ERIC Number: ED239151
Record Type: RIE
Publication Date: 1983-Aug
Reference Count: 0
Imposing a Termination Date: An Approach Based on Counterdependency.
Wile, Daniel B.
Short-term therapy is effective by focusing the therapy and employing an interactive style. However, the imposition of an arbitrary termination date appears to be an overreaction and overcorrection to drawbacks of classical psychotherapy. According to Mann, a proponent of termination dates and short-term therapy, the setting of a termination date forces clients to confront their separation anxiety and to deal with a dependent nature. However, arbitrary termination dates are unbeneficial, unnecessary, and counterproductive in that they provide negative experiences in dealing with arbitrary authority and reinforce cultural prejudices against dependent feelings. To deal with difficulties produced by the arbitrary termination date, Mann excludes clients with strong dependent longings and discourages the client's arguments by taking an authoritative stance. Contrary to other beliefs, most clients gravitate toward short-term therapy, choosing to focus on and talk directly about their presenting problems. (BL)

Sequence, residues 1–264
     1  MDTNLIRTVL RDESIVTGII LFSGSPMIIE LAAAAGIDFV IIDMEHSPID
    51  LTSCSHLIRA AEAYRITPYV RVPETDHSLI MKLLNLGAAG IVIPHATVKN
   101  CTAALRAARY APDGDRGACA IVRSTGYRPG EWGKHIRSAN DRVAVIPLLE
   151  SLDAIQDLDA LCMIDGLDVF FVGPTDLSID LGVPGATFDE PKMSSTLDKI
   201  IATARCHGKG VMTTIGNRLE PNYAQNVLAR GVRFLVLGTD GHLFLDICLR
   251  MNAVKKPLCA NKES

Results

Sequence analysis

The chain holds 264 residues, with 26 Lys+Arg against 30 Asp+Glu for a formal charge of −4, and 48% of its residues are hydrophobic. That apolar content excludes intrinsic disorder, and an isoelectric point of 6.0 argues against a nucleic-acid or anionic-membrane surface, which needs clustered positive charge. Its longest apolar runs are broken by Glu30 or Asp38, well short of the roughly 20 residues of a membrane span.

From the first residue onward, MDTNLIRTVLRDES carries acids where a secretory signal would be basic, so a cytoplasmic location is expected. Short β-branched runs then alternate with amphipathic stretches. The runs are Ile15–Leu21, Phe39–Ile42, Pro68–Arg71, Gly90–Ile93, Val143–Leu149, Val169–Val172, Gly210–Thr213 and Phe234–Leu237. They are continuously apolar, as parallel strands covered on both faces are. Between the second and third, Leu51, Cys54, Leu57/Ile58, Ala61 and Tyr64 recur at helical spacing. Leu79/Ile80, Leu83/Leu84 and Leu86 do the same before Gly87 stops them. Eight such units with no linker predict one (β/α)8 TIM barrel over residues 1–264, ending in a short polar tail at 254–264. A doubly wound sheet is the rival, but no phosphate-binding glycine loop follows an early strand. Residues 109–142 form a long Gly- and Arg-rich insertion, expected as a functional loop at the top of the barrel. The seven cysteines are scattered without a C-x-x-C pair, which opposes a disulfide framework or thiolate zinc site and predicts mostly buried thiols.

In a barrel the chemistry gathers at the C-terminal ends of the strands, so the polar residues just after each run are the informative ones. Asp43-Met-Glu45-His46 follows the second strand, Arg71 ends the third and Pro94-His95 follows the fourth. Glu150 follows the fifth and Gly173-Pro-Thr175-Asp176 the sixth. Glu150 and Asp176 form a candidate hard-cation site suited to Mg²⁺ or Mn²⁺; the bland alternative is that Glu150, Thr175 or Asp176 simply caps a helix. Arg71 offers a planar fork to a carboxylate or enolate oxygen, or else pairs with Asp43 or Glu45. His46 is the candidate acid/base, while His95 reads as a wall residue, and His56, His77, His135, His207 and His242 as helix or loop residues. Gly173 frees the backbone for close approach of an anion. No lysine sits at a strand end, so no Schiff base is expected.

Publication Type: Opinion Papers; Speeches/Meeting Papers
Education Level: N/A
Audience: Counselors; Practitioners
Authoring Institution: N/A
Identifiers: Separation Anxiety; Short Term Counseling
Note: Paper presented at the Annual Convention of the American Psychological Association (91st, Anaheim, CA, August 26-30, 1983).